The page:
Calibres de France
The Calibres de France ("French calibers") was a system of standardization of cannons in France, established by King Francis I of France from about 1525. The objective was to simplify and codify cannonry, in order to facilitate production. On 26 September 1526, Francis I wrote about the artillerye de mon calibre ("Artillery of my caliber"), and an even earlier mention is known from 1512. The Calibres de France were formalized in an ordinance of 1552.
Six standard sizes were defined: the cannon (Canon), the "grand" culverin (Grande couleuvrine), the "bastard" culverin (Couleuvrine bâtarde), the "middle" culverin (Couleuvrine moyenne), the Falconet (Faucon), and the falconeer (Fauconneau).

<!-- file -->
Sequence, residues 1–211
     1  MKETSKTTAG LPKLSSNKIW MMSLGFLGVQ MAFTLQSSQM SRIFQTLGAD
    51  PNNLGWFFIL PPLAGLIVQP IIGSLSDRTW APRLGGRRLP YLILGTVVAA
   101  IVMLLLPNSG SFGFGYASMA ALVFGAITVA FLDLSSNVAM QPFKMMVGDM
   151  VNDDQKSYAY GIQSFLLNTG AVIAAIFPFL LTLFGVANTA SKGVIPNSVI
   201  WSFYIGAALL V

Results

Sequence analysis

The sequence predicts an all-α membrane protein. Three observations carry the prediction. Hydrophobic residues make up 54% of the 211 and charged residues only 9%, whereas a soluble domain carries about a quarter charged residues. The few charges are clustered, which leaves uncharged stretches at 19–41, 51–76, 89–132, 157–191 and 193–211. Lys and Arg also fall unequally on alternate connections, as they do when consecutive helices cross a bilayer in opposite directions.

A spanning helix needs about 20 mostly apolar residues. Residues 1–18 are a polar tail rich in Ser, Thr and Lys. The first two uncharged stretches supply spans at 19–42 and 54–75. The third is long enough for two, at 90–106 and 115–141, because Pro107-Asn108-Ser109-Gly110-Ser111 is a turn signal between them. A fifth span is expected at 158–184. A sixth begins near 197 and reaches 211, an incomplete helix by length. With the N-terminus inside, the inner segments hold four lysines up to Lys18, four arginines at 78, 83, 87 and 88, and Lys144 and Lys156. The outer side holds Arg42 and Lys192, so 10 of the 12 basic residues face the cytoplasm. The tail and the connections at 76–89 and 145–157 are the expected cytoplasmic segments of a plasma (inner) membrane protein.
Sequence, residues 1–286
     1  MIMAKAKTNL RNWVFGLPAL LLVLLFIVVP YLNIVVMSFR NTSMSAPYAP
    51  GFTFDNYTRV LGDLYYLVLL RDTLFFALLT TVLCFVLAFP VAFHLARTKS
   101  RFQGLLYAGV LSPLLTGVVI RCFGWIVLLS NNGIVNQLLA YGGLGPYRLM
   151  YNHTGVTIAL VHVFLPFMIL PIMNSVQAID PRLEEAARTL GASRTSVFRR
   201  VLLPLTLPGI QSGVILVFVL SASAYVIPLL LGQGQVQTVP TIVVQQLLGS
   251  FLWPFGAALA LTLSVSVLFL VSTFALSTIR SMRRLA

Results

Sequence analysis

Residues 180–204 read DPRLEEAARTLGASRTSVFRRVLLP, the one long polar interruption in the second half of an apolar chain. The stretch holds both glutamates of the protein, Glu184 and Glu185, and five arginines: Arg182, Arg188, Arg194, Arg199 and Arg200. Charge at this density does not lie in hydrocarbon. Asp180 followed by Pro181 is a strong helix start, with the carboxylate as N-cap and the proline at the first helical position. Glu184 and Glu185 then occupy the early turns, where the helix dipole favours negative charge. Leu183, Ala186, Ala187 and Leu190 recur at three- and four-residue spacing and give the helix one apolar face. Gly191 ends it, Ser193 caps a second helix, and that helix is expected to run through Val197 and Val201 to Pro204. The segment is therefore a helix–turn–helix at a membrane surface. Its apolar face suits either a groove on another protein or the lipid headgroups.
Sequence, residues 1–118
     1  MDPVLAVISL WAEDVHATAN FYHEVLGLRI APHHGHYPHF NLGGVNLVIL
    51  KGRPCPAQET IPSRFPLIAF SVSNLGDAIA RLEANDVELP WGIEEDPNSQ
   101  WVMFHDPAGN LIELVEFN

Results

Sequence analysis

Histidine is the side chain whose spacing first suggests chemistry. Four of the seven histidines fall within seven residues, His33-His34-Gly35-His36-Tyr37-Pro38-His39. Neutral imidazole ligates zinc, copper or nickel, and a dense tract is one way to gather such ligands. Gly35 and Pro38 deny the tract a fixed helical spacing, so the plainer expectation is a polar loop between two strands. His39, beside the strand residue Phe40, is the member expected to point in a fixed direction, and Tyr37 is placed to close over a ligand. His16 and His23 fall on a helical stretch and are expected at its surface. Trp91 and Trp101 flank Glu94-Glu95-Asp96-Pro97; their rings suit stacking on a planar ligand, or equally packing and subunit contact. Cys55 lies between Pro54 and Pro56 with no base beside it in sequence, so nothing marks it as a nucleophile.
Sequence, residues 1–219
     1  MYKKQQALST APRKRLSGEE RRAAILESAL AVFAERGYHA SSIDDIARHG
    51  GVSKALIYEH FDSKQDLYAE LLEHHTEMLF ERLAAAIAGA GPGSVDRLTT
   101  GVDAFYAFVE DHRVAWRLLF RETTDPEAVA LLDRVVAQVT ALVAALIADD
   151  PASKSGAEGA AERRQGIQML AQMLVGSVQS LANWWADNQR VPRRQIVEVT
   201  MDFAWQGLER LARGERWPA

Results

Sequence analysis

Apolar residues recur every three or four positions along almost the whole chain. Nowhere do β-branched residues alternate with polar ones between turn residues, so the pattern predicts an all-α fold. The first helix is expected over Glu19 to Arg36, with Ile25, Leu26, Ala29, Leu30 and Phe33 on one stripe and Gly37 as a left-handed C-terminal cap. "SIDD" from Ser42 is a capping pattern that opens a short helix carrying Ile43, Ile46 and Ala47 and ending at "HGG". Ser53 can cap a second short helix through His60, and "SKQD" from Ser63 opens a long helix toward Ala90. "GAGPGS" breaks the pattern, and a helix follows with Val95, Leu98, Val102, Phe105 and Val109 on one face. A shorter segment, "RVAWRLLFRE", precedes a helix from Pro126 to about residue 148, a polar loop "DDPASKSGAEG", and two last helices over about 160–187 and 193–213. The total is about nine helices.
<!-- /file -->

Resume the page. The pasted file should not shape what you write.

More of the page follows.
The 6-guns Calibres de France system was still in place at the time of Louis XIII, which was later developed to an 18-guns system.
"Grande couleuvrine" of Francis I with Salamander emblem and inscription in Arabic, Siege of Rhodes (1522).
Bronze culverin of Francis I.
- La Grande Maîtresse, nef de François Ier: recherches et documents d'archives by Max Guérout p.231
- L'histoire mémorable du siège et de la famine de Sancerre (1573) by Jean de Léry, Géralde Nakam p.70
- Dictionnaire Des Institutions De La France Aux Dix-Septieme Et Dix-Huitieme Siècles by Marcel Marion p.26